(TNS) — Expanding access to broadband internet service is vital for rural Pennsylvania communities and school districts, state legislators were told during a hearing on Thursday.
Customers across the seven-state region served by the Tri-County Rural Electric Cooperative fear "they're being left behind in a new digital age," and given "second-class citizens status," said Tri-County president and CEO
In a two-hour hearing conducted by the Legislature's Center for Rural Pennsylvania, Eccher and other Tri-County officials shared the coop's story of undertaking an $80 million project — funded with $62 million in state and federal grants — to bring high-speed service to its customers in Bradford, Tioga, Potter, McKean, Cameron, Clinton and Lycoming counties.
Eccher said there are "striking" similarities between the effort to deliver rural broadband to calls nearly 100 years to bring electricity to those same areas, calls that were frequently swatted down by companies claiming it would be too difficult or expensive to do so.
Broadband access has taken on a new significance under the COVID-19 pandemic as school districts have been forced to hold virtual classes and many rural residents, especially seniors, have been required to schedule tele-medicine appointments rather than in-person ones with their doctors.
"In my district, broadband is the number one issue," said state Sen.
, R- Lycoming County, the chairman of the Center for Rural Pennsylvania.
Tri-County officials repeatedly stressed the importance of broadband to rural communities. High-speed internet, they said, helps improve education and medical care, but also business development and the quality of life.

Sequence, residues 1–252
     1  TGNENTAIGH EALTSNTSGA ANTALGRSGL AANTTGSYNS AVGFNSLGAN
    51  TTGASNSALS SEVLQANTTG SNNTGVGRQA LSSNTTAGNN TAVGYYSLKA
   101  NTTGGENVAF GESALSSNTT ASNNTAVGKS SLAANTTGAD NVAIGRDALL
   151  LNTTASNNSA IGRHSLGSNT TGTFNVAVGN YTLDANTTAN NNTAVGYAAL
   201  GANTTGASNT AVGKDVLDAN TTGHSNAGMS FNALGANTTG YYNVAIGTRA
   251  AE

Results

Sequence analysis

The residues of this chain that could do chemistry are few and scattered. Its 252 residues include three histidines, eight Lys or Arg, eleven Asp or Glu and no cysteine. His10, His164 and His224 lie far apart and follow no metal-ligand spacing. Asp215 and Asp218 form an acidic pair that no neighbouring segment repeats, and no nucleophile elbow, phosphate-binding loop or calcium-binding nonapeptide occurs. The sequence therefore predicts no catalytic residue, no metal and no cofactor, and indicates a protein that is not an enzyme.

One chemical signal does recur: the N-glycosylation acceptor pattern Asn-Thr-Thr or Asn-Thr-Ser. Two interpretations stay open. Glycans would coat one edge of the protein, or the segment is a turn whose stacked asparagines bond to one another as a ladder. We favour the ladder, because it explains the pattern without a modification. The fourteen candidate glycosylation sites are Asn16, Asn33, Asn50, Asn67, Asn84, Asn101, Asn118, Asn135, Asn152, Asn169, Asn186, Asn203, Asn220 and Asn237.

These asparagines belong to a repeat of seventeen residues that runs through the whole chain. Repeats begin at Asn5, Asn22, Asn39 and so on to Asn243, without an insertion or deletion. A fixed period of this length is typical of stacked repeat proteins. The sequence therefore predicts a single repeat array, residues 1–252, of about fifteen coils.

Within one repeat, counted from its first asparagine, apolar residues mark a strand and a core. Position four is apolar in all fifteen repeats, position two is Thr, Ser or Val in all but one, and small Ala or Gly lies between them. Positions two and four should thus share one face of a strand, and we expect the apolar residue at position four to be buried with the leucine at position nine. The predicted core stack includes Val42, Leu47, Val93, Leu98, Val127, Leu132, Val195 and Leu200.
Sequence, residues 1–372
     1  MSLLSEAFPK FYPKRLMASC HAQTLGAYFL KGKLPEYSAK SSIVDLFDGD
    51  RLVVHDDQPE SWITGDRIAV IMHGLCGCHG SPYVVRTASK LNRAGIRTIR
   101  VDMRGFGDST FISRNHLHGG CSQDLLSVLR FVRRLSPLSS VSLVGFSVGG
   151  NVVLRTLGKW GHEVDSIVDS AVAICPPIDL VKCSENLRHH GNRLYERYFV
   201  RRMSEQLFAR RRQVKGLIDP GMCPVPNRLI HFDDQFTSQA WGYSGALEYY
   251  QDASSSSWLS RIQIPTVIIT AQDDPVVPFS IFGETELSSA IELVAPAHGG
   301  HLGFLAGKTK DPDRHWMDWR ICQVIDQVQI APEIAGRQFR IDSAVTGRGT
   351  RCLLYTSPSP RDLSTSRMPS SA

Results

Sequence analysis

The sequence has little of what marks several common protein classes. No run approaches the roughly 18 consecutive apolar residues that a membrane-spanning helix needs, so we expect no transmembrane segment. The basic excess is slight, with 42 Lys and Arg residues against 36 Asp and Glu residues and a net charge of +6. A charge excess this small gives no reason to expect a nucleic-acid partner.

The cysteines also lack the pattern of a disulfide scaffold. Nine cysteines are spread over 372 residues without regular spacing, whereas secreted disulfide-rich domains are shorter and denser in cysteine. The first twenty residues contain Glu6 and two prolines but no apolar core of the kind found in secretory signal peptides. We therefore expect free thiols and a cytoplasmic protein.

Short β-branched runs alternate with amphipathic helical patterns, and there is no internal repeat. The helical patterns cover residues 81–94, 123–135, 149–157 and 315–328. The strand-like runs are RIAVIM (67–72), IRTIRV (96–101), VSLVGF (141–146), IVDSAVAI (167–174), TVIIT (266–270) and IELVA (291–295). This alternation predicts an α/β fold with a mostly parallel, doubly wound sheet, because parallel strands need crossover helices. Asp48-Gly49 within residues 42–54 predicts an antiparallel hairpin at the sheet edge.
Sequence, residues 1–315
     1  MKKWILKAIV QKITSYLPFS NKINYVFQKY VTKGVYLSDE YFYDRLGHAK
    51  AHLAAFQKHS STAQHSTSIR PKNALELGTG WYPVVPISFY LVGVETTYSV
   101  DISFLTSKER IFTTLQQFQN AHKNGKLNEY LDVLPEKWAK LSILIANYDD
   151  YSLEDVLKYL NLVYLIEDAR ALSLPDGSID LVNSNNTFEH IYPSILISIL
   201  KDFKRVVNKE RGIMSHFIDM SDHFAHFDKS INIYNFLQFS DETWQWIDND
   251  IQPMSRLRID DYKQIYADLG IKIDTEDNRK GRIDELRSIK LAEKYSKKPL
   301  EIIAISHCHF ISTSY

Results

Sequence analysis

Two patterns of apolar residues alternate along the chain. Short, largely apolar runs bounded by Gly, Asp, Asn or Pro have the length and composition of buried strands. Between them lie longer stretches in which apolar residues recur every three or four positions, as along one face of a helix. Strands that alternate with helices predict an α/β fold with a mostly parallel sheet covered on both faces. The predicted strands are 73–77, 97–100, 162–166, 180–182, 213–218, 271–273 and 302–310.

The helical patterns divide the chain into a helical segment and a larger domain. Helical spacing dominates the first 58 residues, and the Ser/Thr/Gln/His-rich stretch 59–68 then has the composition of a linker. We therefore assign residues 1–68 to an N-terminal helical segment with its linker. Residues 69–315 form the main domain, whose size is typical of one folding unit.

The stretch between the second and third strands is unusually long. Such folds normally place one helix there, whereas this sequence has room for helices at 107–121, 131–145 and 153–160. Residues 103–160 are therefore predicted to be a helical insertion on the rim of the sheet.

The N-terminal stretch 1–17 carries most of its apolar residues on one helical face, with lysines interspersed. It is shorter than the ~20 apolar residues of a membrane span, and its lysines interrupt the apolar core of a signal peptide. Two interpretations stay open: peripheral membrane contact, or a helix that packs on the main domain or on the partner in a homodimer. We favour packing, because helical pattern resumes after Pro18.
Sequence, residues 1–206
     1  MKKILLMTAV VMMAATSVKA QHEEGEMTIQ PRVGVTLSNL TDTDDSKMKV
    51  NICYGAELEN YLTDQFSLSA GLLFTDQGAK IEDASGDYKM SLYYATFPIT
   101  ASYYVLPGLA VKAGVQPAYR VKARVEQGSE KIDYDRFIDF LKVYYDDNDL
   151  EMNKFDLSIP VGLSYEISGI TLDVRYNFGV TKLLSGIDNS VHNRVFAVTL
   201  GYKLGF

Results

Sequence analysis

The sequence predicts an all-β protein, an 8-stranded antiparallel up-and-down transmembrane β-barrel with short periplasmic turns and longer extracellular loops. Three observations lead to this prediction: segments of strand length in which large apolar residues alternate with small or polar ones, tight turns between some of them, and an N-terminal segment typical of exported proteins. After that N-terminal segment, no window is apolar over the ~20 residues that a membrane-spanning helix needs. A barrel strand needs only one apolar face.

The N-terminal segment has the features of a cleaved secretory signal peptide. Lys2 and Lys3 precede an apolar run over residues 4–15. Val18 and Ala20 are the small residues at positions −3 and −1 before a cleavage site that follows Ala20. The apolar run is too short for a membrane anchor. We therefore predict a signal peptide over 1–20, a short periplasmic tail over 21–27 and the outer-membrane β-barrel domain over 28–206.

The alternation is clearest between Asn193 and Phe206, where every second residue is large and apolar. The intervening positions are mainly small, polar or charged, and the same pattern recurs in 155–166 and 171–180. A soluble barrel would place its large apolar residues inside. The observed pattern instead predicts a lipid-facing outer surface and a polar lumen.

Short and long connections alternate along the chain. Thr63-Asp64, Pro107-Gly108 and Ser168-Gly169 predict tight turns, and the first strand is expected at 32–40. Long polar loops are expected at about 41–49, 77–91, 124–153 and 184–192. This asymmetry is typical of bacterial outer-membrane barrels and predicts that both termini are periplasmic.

"It's time to eliminate the digital divide that exists between rural and urban Pennsylvania," said
, Tri-County's senior vice president.
Oswayo Valley School District Superintendent
said broadband is one of his three priorities and the small district in Potter County began working on the issue long before the pandemic hit.
Fortunately, he said Tri-County's project has helped his students gain high-speed access.
Hamberger said what he does not want to see is additional funding for broadband going to Pittsburgh and Philadelphia while rural residents are at the end of the line. "We need the same infrastructure here that they need there," he said.
There has been movement on the broadband expansion front in Pennsylvania:
— The Federal Communications Commission announced in December that it had awarded $369 million for 13 projects in the state that would bring service to 327,000 residents
in October signed a bill from Tioga County GOP state Rep.
that will allow electric cooperatives to use existing poles to build broadband infrastructure.
, R- York County, has been at the forefront of the broadband issue as chairwoman of the Senate Communications and Technology Committee. On Thursday, she said during the hearing that there has been progress, "but there's still work that needs to be done."
Phillips-Hill pledged that lawmakers will consider regulatory changes to pave the way for broadband expansion projects. "We would like to create an environment where you all can be successful," she said.
(c)2021 the Beaver County Times (Beaver, Pa.). Distributed by Tribune Content Agency, LLC.
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